Imaging emotional brain functions: conceptual and methodological issues

Peper, Martin (2006). Imaging emotional brain functions: conceptual and methodological issues. Journal of physiology Paris, 99(4-6), pp. 293-307. Paris: Elsevier 10.1016/j.jphysparis.2006.03.009

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This article reviews the psychophysiological and brain imaging literature on emotional brain function from a methodological point of view. The difficulties in defining, operationalising and measuring emotional activation and, in particular, aversive learning will be considered. Emotion is a response of the organism during an episode of major significance and involves physiological activation, motivational, perceptual, evaluative and learning processes, motor expression, action tendencies and monitoring/subjective feelings. Despite the advances in assessing the physiological correlates of emotional perception and learning processes, a critical appraisal shows that functional neuroimaging approaches encounter methodological difficulties regarding measurement precision (e.g., response scaling and reproducibility) and validity (e.g., response specificity, generalisation to other paradigms, subjects or settings). Since emotional processes are not only the result of localised but also of widely distributed activation, a more representative model of assessment is needed that systematically relates the hierarchy of high- and low-level emotion constructs with the corresponding patterns of activity and functional connectivity of the brain.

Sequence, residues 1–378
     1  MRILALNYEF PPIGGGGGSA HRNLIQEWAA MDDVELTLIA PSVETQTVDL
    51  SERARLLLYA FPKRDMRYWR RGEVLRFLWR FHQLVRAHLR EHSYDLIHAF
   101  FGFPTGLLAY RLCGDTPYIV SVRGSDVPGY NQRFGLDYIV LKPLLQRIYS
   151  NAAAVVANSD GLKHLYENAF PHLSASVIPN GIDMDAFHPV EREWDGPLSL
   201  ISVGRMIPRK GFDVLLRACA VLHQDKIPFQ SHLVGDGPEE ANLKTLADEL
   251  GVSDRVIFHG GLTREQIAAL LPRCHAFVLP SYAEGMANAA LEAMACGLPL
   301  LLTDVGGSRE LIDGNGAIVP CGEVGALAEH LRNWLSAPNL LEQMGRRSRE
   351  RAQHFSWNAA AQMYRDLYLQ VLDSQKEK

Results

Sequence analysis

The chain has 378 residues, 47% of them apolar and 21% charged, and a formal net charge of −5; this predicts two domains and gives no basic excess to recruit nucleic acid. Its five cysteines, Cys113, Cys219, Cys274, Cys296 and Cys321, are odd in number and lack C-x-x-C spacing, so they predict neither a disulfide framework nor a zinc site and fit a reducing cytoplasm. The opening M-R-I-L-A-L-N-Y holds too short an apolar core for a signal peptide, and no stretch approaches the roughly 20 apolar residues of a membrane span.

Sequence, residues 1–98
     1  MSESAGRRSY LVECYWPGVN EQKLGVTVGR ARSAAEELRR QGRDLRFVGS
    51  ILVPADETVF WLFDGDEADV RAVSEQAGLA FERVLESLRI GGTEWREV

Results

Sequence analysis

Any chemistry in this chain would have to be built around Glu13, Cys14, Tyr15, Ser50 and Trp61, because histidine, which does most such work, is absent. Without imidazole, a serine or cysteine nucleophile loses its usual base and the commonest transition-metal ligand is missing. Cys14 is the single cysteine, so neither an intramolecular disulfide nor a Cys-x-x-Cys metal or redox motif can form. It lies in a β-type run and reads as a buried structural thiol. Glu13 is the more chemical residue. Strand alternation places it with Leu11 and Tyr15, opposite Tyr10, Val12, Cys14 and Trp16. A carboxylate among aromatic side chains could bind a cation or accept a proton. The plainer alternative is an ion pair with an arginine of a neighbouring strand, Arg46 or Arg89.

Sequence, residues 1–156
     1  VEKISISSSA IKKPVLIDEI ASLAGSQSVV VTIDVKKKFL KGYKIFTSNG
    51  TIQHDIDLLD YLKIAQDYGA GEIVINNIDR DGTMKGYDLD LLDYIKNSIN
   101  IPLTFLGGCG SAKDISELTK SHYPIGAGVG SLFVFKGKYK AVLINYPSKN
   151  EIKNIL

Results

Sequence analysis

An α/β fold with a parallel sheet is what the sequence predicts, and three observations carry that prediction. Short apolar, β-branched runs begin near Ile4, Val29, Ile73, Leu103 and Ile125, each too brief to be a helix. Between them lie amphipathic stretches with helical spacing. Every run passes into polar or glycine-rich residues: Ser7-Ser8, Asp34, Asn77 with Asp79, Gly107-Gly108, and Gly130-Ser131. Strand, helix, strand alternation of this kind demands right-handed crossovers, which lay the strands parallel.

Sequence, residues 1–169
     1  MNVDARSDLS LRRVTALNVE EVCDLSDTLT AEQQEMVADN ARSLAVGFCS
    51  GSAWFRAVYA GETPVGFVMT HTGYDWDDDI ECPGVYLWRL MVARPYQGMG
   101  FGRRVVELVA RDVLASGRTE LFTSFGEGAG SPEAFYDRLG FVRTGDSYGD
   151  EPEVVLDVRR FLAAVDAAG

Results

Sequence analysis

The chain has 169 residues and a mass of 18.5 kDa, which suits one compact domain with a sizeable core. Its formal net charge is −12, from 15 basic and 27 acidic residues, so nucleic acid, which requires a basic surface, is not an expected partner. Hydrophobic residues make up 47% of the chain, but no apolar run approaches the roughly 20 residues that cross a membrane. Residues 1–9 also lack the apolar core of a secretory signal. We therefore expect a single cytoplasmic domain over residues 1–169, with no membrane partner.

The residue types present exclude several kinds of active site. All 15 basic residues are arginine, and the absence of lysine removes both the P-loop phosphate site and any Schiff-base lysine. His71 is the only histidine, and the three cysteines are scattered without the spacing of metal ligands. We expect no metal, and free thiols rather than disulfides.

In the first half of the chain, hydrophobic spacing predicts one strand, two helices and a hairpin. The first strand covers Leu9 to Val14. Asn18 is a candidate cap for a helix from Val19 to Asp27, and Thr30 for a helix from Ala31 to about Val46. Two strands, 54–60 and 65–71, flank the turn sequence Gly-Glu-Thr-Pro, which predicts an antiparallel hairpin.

Item Type:

Journal Article (Original Article)

Division/Institute:

04 Faculty of Medicine > Service Sector > Institute of Legal Medicine > Forensic Psychiatric Services

UniBE Contributor:

Peper, Martin

ISSN:

0928-4257

ISBN:

16740378

Publisher:

Elsevier

Language:

English

Submitter:

Factscience Import

Date Deposited:

04 Oct 2013 14:49

Last Modified:

06 Dec 2013 13:43

Publisher DOI:

10.1016/j.jphysparis.2006.03.009

PubMed ID:

16740378

Web of Science ID:

000238775200002

URI:

https://boris.unibe.ch/id/eprint/20396 (FactScience: 3687)

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